Winter Lecture Series 2020

All lectures in this series will be held in the North Wing Program Room, on Tuesdays at 2:30 PM.

Sponsored by:

January 7 – Vera Walters, “Exploring Arizona”
Places to see, people to meet and things to do – Arizona has it all.  Our instructor, who has been exploring Arizona for over 40 years, will give you more ideas than you could fit into a lifetime, answer questions about places you know and share information about interesting places you’ve probably never heard of before. Bring some ideas of your own to share and prepare to make an Arizona Bucket List.

January 14 – Erik Berg, “Aviators and the Archaeologists: The Lindberghs’ 1929 Aerial Survey of the Southwest”
Famous pilot Charles Lindbergh (the “Lone Eagle”) is best known for his pioneering 1927 flight across the Atlantic Ocean, but few people know that Lindbergh and his wife Anne, also played an important role in southwestern archaeology. Come see some of their amazing aerial photographs, and learn how Charles and Anne helped share Chaco Canyon, Canyon de Chelly, and the Grand Canyon with the rest of the world.

January 21 – Carrie Cannon, “For the Love of Turquoise”
Turquoise has a long standing tradition amongst Native cultures of the Southwest, holding special significance and profound meanings to specific individual tribes. Even before the more contemporary tradition of combining silver with turquoise, cultures throughout the southwest used turquoise in necklaces, earrings, mosaics, fetishes, medicine pouches, and made bracelets of basketry stems lacquered with piñon resin and inlaid turquoise. Found on six continents across the world, turquoise forms in arid regions through the process of water seeping through rock and interacting with copper, aluminum, and iron deposits. In the southwest, used decoratively for millennia, this iconic art form has a compelling story all its own. This talk explores a long tradition of distinctive cultural styles, history, and transition of this wondrous stone.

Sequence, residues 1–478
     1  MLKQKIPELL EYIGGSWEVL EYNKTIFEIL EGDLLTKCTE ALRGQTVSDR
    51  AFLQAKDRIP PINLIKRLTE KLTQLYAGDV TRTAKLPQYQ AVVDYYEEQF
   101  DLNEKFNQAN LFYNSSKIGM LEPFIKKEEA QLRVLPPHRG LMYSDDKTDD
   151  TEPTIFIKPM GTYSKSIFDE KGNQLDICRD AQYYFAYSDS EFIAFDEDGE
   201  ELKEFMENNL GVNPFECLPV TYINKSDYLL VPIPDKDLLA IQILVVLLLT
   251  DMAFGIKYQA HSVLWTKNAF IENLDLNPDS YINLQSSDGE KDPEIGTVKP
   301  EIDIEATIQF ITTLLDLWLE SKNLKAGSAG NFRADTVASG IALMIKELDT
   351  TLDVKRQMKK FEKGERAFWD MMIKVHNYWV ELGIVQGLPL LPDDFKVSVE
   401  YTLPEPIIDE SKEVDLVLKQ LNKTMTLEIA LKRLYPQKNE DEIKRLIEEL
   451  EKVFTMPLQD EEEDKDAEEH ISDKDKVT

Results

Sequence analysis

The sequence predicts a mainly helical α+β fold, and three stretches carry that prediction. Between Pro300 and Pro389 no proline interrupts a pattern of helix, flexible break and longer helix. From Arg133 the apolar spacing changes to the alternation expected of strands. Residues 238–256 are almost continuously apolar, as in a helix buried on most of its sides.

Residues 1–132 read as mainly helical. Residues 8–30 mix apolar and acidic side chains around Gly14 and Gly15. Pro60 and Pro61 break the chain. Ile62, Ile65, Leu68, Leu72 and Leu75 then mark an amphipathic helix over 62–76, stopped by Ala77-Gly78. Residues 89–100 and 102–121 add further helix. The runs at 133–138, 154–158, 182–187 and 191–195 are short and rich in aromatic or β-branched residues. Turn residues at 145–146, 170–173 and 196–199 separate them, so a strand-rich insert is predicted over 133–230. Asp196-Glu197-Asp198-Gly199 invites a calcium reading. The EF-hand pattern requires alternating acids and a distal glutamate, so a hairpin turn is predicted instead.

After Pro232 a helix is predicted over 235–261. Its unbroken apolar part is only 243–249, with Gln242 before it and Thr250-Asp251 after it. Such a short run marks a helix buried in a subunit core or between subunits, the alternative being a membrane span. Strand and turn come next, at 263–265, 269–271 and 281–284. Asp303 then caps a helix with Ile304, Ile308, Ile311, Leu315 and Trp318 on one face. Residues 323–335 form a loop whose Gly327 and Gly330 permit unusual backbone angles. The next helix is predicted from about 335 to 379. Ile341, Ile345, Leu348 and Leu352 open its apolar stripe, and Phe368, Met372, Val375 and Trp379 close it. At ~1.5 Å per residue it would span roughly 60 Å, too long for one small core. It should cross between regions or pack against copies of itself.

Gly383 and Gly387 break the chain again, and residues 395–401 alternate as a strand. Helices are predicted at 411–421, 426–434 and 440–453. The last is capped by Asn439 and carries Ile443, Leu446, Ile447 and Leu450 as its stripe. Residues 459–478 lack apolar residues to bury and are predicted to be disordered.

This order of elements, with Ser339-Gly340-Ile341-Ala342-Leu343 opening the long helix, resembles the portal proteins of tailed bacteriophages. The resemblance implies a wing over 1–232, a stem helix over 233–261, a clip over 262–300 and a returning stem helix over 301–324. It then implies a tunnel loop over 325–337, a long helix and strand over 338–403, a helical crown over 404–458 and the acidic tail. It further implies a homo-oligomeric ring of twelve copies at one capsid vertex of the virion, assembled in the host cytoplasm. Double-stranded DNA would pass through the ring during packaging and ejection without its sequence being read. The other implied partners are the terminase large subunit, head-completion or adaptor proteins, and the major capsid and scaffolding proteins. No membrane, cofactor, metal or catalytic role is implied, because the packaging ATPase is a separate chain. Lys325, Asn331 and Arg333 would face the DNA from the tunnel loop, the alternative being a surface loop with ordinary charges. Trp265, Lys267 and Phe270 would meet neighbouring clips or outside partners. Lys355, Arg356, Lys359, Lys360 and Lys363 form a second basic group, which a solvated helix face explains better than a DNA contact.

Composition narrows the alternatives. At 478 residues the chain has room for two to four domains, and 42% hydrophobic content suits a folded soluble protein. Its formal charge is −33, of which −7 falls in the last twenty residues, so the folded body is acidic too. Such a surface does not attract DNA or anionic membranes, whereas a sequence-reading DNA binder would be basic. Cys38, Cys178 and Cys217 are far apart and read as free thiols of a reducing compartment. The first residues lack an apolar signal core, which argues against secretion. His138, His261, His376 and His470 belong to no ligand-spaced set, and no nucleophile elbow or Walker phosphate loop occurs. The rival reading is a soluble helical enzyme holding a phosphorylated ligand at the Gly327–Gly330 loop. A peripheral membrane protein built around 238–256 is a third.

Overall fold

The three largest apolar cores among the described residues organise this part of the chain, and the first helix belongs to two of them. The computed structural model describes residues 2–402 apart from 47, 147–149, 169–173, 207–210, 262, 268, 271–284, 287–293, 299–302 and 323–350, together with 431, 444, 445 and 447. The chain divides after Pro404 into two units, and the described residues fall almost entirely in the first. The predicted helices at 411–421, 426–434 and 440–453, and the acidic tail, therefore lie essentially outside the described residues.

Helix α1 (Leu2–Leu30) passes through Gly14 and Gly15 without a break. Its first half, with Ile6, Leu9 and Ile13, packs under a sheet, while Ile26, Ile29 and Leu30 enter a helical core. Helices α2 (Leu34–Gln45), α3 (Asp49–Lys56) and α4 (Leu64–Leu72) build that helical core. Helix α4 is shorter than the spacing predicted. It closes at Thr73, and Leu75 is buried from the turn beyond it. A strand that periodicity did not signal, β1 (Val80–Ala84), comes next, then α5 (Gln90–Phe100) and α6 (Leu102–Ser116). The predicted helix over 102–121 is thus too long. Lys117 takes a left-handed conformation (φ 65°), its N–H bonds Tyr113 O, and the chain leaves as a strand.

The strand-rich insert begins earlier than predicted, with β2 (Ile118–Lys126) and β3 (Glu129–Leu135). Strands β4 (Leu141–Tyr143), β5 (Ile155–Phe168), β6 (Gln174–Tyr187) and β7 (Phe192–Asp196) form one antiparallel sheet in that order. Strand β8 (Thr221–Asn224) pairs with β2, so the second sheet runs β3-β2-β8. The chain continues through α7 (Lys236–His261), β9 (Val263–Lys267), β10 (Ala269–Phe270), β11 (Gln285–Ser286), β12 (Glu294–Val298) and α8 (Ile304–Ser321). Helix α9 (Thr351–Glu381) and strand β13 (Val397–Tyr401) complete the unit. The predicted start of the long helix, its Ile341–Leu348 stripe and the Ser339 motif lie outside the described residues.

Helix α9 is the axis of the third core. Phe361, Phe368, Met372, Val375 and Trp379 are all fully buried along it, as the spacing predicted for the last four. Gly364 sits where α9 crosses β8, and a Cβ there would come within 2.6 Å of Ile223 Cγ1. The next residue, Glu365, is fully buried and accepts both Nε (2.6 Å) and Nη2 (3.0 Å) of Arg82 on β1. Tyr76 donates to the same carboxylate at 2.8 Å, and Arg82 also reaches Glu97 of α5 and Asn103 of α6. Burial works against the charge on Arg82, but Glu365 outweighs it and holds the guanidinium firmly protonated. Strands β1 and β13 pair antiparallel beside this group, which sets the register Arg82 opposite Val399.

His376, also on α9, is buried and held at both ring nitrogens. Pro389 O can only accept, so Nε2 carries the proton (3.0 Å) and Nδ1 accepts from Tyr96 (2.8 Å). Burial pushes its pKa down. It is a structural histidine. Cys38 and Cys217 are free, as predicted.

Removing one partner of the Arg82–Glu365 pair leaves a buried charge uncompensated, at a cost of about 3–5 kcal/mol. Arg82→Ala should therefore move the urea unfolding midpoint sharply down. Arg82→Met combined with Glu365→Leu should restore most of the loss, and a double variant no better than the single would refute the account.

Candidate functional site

January 28 – Laura Tohe, “From ‘Chief’ to Code Talker: Four Profiles of the Navajo Code Talkers”
During WWII a group of young Navajo men enlisted in the Marines without knowing that they would be called on to develop a secret code against the Japanese military. This select group of Code Talkers devised a Navajo language code that was accurate, quick, never broken, and saved many American lives. This talk profiles four Code Talkers who reflect on their lives growing up on the Navajo Nation homeland, their military service as Code Talkers, and the personal and spiritual costs of war that many struggled with after the war. They returned home without fanfare to continued poverty and lack of economic opportunity, yet persevered and overcame obstacles that helped change the Navajo Nation and their communities. Their stories are told with poignancy that reflect their resiliency and self-determination.

February 4 – Greg McNamee, “The Gila: River of History”
Six hundred miles long from its source in the mountains of southwestern New Mexico to its confluence with the Colorado River above Yuma, the Gila has been an important avenue for the movement of birds, animals, plants, and peoples across the desert for millennia. Many cultures have sprung up on its banks, and millions of people depend on the river today—whether they know it or not. Gregory McNamee, author of the prizewinning book Gila: The Life and Death of an American River, presents a biography of this vital resource, drawing on Native American stories, pioneer memoirs, the writings of modern naturalists such as Aldo Leopold and Edward Abbey, and many other sources. Think of it as 70 million years of history packed into an entertaining, informative hour.

February 11 – Li Yang, “China Mary: History and Legend”
A 1960 episode of The Life and Legend of Wyatt Earp, the first Western television series, immortalized China Mary as a strong, powerful and ruthless Asian female figure in American popular imagination. The legend of her as an infamous Dragon Lady who ruled Tombstone’s Chinatown with an iron fist cannot be substantiated by historical research. Yang’s presentation will debunk the myth of China Mary and tell the real story of her as well as other Chinese who lived in Tombstone, Arizona during the exclusion period.

February 18 – Vera Walters, Museums of Arizona
There are more than 60 museums in Arizona.  How many have you visited?  Our instructor loves to visit museums and factories all over the world and has been to most of those here in Arizona.  She will share information about interesting places you may want to discover and answer questions about some you may have already heard about.  Be ready to share some of your own “must visit” museums.